Service Quality in Consulting

Table of Content

Service quality in Consulting: What is engagement success? By Ron McLachlin (2000) Table of Contents Introduction3 Research Question3 Method3 Findings3 Conclusion4 Recommendations4 Limitations4 References5 Introduction The success of a consulting engagement is a vague idea as it may vary depending on whether it is viewed from the perspective of the client or the consultant. Hence, this paper sets out to examine the service excellence of consulting by addressing the perception of success in a consulting engagement.

This involves identifying whether the consulting engagement has met the client’s expectations and address the core needs, and similarly the consultants’. The author also takes into consideration the distinctions between types of consulting, client expectations and needs, and short- and long-term revenue streams. Research Question The focus of this research has been narrowed down to answer the following question: “What is engagement success in consulting, from both the client and consultant points of view? Method The research is conducted simultaneously by two phases. The first phase involves explanatory interviews that were conducted with seven consultants and one client. The consultants were contacted based on their representations in a membership directory of certified management consultants, as engaging in services in typical operations management areas. The client on the other hand has experience engaging in such services, specifically for just-in-time (JIT) implementation.

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The interviews were open-ended, standardized and lasted about one to two hours. The results are then recorded and transcribed into various categories. The second phase utilizes literatures of a number of disciplines, ranging from human resources, behavioral science, marketing to organization management. The main purpose of the interviews is to develop preliminary understanding of successful versus unsuccessful consulting engagements. Due to the sample size, the data are considered as just further extensions of material from the literature. Findings i.

After considering the difference of Organizational Development consulting and other forms of management consulting, meeting client’s expectations involves “keeping promises by improving one or more of client performance, client capabilities, or organizational culture, without making any category worse (McLachlin, 2000). ” ii. Clients regard an engagement as being successful if their expectations have been met, provided that the consultant avoids selling snake oil and achieve any implied expectations the client may have about core needs being fittingly addressed. ii. Consultants are primarily motivated by the aspect of long-term revenue generation and hence would focus on enhancing their reputation and building a strong client network to gain future endeavours. This is predominantly because according to Dawes et al. (1992, as cited in McLachlin, 2000) and Patterson (1995, as cited in McLachlin), consultants are judged heavily on their reputation and the consulting industry relies heavily on a referral network (Maister, 1993 as cited in McLachlin, 2000).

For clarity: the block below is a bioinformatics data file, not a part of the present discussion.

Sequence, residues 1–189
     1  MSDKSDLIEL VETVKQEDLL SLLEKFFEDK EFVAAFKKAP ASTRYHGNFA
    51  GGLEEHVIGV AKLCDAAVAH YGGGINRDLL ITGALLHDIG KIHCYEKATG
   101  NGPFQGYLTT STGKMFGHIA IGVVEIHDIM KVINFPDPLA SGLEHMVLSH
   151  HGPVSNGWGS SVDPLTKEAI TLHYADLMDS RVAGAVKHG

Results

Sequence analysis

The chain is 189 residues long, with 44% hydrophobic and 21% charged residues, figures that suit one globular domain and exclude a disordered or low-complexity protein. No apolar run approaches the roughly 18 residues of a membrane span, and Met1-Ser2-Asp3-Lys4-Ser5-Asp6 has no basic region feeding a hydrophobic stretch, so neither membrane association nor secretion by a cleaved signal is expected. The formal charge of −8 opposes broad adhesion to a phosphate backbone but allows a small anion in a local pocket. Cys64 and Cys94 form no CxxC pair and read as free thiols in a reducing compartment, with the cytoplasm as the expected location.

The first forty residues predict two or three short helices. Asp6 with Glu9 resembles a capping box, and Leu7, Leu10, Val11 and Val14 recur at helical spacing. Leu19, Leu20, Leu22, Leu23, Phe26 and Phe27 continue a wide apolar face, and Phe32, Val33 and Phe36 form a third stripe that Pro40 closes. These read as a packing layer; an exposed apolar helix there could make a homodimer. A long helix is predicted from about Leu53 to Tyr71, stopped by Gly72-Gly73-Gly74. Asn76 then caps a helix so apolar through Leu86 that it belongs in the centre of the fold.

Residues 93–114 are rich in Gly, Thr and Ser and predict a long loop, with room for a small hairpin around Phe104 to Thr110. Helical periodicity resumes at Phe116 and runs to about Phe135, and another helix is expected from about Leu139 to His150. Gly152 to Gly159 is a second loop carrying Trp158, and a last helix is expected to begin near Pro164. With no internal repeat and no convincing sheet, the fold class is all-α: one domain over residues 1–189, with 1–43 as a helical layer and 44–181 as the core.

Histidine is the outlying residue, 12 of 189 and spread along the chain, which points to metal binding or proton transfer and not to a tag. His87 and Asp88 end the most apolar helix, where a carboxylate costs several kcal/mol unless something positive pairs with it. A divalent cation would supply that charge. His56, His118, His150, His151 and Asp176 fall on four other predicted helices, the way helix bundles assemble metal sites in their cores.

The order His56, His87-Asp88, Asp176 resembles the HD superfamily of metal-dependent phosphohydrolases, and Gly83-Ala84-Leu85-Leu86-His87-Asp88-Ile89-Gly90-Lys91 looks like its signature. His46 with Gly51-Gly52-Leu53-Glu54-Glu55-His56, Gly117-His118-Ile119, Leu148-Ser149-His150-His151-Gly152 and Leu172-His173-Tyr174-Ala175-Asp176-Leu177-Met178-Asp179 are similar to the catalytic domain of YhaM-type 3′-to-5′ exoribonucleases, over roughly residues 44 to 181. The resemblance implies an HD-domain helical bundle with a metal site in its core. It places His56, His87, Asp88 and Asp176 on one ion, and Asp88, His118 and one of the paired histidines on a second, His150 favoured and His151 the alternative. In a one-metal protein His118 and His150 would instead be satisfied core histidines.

Conclusion By comparing the viewpoint of both the client and consultant, the author defines “engagement success” as being achieved when “the client is satisfied that the consultant has met expectations regardless if the core address has been addressed – and the consultant is satisfied when his/her reputation has been enhanced, with the expectation of future income stream even if immediate income has not been received” (McLachlin, 2000). Recommendations

Firstly, as consultants we should assist clients in identifying their core needs and expectations because as stated by the author, “it is risky to ask a consultant both to determine one’s needs and to implement solutions. ” To do this, we could perhaps suggest clients to maintain an agenda list to ensure that each engagement delivers what they expect. Secondly, directly from the conclusion, we could draw out that we must be familiar with our own competencies and should only promise what we can deliver or similarly not take on an engagement if no values can be added.

Otherwise, long-term income would be jeopardised as we may risk not meeting client’s expectations. Lastly, once client’s expectations is identified and established, we should stay within the limited expectations and refrain from promoting any hidden agendas as addressing core needs without firstly meeting client’s expectation may result in an unstable client-consultant relationship. Limitations This paper is mainly limited by the research sample size. Firstly the overall sample size is relatively small.

This may arguably result in a skewed data that may only represent the local population and hence cannot possibly be indicative of the overall consulting industry. Secondly, as the number of clients interviewed is significantly less than the number of consultants interviewed, the data may or may not reveal enough information on behalf of the client, which could produce prejudiced views. Finally, as stated by the author, there could be further preconception in the interpretation of the interview data. References McLachlin, R. (2000). Service quality in consulting: what is engagement success? Managing Service Quality, 10(3), 141-150.

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